First Law-Exercise:
Problem 1: A volume 10 m3 contains 8 kg of oxygen at a temperature of 300 K. Find the work necessary to decrease the volume to 5 m3, (a) at a constant pressure and (b) at constant temperature. (c) What is the temperature at the end of the process in (a)? (d) What is the pressure at the end of process in (b)? (e) Show both processes in the p-V plane. Problem 2: The temperature of an ideal gas at an initial pressure p1 and volume V1 is increased at constant volume until the pressure is doubled. The gas is then expanded isothermally until the pressure drops to its original value, where it is compressed at constant pressure until the volume returns to its initial value. (a) Sketch these processes in the p-V plane and in the p-T plane. (b) Compute the work in each process and the net work done in the cycle if n = 2 kmoles, p1 = 2 atm and V1 = 4 m3. Problem 3: A 735 W stirring motor is applied to a tank of water. The tank contains 25 kg of water, and the stirring action is applied for 1 hour. Assuming that the tank is perfectly insulated, calculate the change in internal energy of the water. Also calculate the rise in temperature of the water, assuming that the process occurs at constant volume and that cv for water may be taken as 4.18 kJ/kg.K. Problem 4: A 0.0283 m3 container is filled with air at 1.365 bar and 37.77oC. Calculate the final pressure in the container if 10544.82 J of heat are added. Assume ideal gas behaviour, with constant specific heats. Problem 5: Nitrogen is to be heated at constant pressure from 310.77 K to 1921.88 K. Calculate the heat transfer per mole. C p 39.65

8071 1.5 106 kJ for N 2 T T 2 kg.K

Problem 6: Air is contained in a piston-cylinder arrangement with a cross sectional area of 4 cm2 and an initial volume of 20 cm3. The air is initially at 1 atm and 20oC. Connected to the piston is a spring having a deformation constant of ks = 100 N/cm and the spring is initially undeformed. How much heat...

...Thermodynamics Exam Prep 2012
Chapter 1: Basic and IdealGas Law
1.1 State of a System
System + surroundings = Universe
Open system: can exchange matter and energy with the surroundings
Closed system: can exchange energy with the surroundings
Isolated system: cannot exchange matter or energy with the surroundings
If one knows the x/y/z position and the vx/vy/vz velocity of a particle (6 parameters) for a time point t0 it is possible to predict where the particle will be for any future time point and to determine the previous particle positions for any time point in the past.
For many particles, it is necessary to know the 6 parameters for each gas particles, therefore 6xN parameters to know the previous and past positions of all these gas particles.
Volume
Symbol: V
Units: L
1L = 10-3m3
1000mL = 1L
1000µL = 1mL
Temperature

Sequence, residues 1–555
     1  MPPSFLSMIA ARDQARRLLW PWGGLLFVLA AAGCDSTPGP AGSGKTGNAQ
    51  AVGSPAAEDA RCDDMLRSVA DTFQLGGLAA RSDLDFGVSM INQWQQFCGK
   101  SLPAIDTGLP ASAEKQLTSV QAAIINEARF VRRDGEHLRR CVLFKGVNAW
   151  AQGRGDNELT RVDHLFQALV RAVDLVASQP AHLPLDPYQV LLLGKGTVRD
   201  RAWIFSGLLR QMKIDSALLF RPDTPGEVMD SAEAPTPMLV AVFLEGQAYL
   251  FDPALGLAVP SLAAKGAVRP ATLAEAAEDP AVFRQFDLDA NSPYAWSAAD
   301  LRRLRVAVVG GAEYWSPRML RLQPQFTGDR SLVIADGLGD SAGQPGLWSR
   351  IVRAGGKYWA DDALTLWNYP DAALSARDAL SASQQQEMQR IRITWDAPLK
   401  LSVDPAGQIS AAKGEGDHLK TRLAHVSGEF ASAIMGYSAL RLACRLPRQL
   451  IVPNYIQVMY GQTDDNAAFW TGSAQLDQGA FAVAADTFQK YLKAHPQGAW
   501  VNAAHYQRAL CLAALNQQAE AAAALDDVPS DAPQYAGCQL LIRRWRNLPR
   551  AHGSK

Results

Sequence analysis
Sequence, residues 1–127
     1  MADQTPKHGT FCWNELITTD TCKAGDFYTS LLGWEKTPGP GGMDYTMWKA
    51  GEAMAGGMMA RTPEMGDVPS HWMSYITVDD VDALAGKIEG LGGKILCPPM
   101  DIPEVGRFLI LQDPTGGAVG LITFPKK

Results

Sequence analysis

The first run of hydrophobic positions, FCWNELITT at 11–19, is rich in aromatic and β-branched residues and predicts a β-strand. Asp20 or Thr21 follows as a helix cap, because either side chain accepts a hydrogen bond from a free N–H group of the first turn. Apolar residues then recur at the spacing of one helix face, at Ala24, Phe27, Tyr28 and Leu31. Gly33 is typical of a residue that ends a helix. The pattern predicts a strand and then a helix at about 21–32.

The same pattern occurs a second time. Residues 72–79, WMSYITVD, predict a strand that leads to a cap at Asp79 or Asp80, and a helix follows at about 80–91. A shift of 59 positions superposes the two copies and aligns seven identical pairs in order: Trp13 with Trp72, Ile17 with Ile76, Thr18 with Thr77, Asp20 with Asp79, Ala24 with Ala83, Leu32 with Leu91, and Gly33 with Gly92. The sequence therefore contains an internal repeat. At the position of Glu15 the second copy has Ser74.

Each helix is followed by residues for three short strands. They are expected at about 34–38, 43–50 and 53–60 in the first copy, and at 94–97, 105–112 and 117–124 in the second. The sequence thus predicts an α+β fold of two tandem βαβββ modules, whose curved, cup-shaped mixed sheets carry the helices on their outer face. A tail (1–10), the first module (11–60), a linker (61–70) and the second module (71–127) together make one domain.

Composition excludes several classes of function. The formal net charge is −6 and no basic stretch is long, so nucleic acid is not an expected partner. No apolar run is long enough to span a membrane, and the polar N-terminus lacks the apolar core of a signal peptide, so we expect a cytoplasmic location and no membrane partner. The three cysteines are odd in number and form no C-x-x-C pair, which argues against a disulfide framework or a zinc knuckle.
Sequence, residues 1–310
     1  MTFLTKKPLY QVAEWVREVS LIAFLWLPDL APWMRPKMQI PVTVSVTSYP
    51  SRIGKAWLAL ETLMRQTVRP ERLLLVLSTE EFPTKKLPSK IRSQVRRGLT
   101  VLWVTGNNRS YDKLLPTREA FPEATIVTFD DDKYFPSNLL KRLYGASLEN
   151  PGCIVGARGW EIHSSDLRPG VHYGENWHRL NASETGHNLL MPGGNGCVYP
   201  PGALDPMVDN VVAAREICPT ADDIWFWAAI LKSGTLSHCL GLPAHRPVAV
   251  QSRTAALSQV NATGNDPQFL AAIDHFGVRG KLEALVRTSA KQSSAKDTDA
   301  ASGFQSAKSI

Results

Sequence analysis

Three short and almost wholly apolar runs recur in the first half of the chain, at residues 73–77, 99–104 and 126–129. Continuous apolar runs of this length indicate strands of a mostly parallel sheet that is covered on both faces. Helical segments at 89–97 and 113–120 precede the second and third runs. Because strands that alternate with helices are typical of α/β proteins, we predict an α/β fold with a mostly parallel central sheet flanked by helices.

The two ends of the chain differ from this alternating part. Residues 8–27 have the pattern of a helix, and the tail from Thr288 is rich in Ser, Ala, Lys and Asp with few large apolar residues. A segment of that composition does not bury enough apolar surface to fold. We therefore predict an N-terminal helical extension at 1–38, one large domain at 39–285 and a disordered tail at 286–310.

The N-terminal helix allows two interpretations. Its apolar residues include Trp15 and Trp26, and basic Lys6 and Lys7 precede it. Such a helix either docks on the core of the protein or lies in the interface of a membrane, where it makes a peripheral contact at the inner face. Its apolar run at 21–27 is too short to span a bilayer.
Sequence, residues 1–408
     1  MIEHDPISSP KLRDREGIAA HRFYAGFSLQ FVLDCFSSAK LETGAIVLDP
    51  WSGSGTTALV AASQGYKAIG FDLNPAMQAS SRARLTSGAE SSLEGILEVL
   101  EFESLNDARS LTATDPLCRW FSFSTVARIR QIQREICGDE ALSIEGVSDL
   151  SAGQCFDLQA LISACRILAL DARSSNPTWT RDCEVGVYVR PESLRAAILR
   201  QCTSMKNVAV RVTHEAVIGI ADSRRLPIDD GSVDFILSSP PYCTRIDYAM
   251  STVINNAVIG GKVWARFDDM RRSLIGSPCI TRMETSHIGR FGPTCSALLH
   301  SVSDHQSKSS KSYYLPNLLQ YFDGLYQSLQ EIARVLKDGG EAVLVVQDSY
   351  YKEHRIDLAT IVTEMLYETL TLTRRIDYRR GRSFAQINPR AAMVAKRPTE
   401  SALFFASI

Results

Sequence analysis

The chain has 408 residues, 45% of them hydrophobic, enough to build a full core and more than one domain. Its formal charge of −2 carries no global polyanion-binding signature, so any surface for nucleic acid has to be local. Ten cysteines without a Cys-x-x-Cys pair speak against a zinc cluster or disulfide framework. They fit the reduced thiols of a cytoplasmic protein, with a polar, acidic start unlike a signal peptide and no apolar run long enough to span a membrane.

Symbol: T
Units: K
ºC K = +273
Pressure
Symbol: P
Units: force/area 1Pa = 1 Nm-2
105 Pa = 1 Bar
101300 Pa = 101.3kPa = 1.013 Bar = 1 atm = 760mmHg = 760 Torr
*using the SI units on the left hand side will force SI units on the right hand side
Where does gas pressure come from?
Gas molecules are in constant chaotic motion which results in frequent collisions with walls. Momentum transfer tends to ‘bulge out’ the container walls.
How Can We Manage Gas Pressure?
Many pressure gauges use a spring-loaded system to...

...IdealGas Law:
The idealgas law is the equation of state of a hypothetical idealgas. It obeys Boyle's Law and Charles Law.
IdealGas Law Formula :
General Gas Equation: PV = nRT
Pressure(P) = nRT / V
Volume(V) = nRT / P
Temperature(T) = PV / nR
Moles of Gas(n) = PV / RT
where,
P = pressure,
V = volume,
n = moles ofgas,
T = temperature,
R = 8.314 J K-1 mol-1, idealgas constant.
IdealGas Law Example:
Case 1: Find the volume from the 0.250 moles gas at 200kpa and 300K temperature.
P = 200 kPa, n = 0.250 mol, T = 300K, R = 8.314 J K-1 mol-1
Step 1: Substitute the values in the below volume equation:
Volume(V) = nRT / P
= (0.250 x 8.314 x 300) / 200
= 623.55 / 200
Volume(V) = 3.12 L
This example will guide you to calculate the volume manually.
Case 2: Find the temperature from the 250ml cylinder contaning 0.50 moles gas at 153kpa.
V = 250ml -> 250 / 1000 = 0.250 L, n = 0.50 mol, P = 153 kPa, R = 8.314 J K-1 mol-1
Step 1: Substitute the values in the below temperature equation:
Temperature(T) = PV / nR
= (153 x 0.250) / (0.50 x 8.314)
= 38.25 / 4.16
Temperature(T) = 9.2 K
This example will...

...valency of magnesium
Date :29/6/2011
Lecturer :Dr Ha Sie Tiong
Title: Determination of the Valency of Magnesium
Objective
To study the quantitative relationship between the amount of reactants and products of a reaction. A known starting mass of magnesium and the measured collection of hydrogen gas will be used to determine the reaction stoichiometry and the valency of magnesium.
Introduction
Stoichiometry is a measure of relative amount of reactants to products in an experiment. In this experiment, a known mass of magnesium and volume of hydrogen gas collected is used to determine stoichiometry in this experiment.
A known mass of magnesium ribbon is mixed with hydrochloric acid to produce magnesium chloride and hydrogen gas.
Mg(s) + xHCl (l) MgClx (aq) + (x/2)H2(g)
Magnesium will be the limiting factor in this experiment, excess of hydrochloric acid will react completely with magnesium to give hydrogen gas and magnesium chloride. The yield of hydrogen gas is depend on the amount of magnesium used, thus the volume of hydrogen gas collected can be used to determine the x number.
Methodology
1. Burette is used upside down to collect hydrogen gas produced in the experiment. There’s an unknown volume between unmarked space and the tap of burette, the volume is determined by pipette 25.00cm3 of water into the vertically clamped burette
right...

...IdealGas Law Packet Name ______________________________
12.3 Date __________________ Period _______
Given: IdealGas Law =
then P = n =
V = T =
R =
1. What pressure is required to contain 0.023 moles of nitrogen gas in a 4.2 L container at a
temperature of 20.(C?
2. Oxygen gas is collected at a pressure of 123 kPa in a container which has a volume of 10.0 L. What temperature must be maintained on 0.500 moles of this gas in order to maintain this pressure? Express the temperature in degrees Celsius.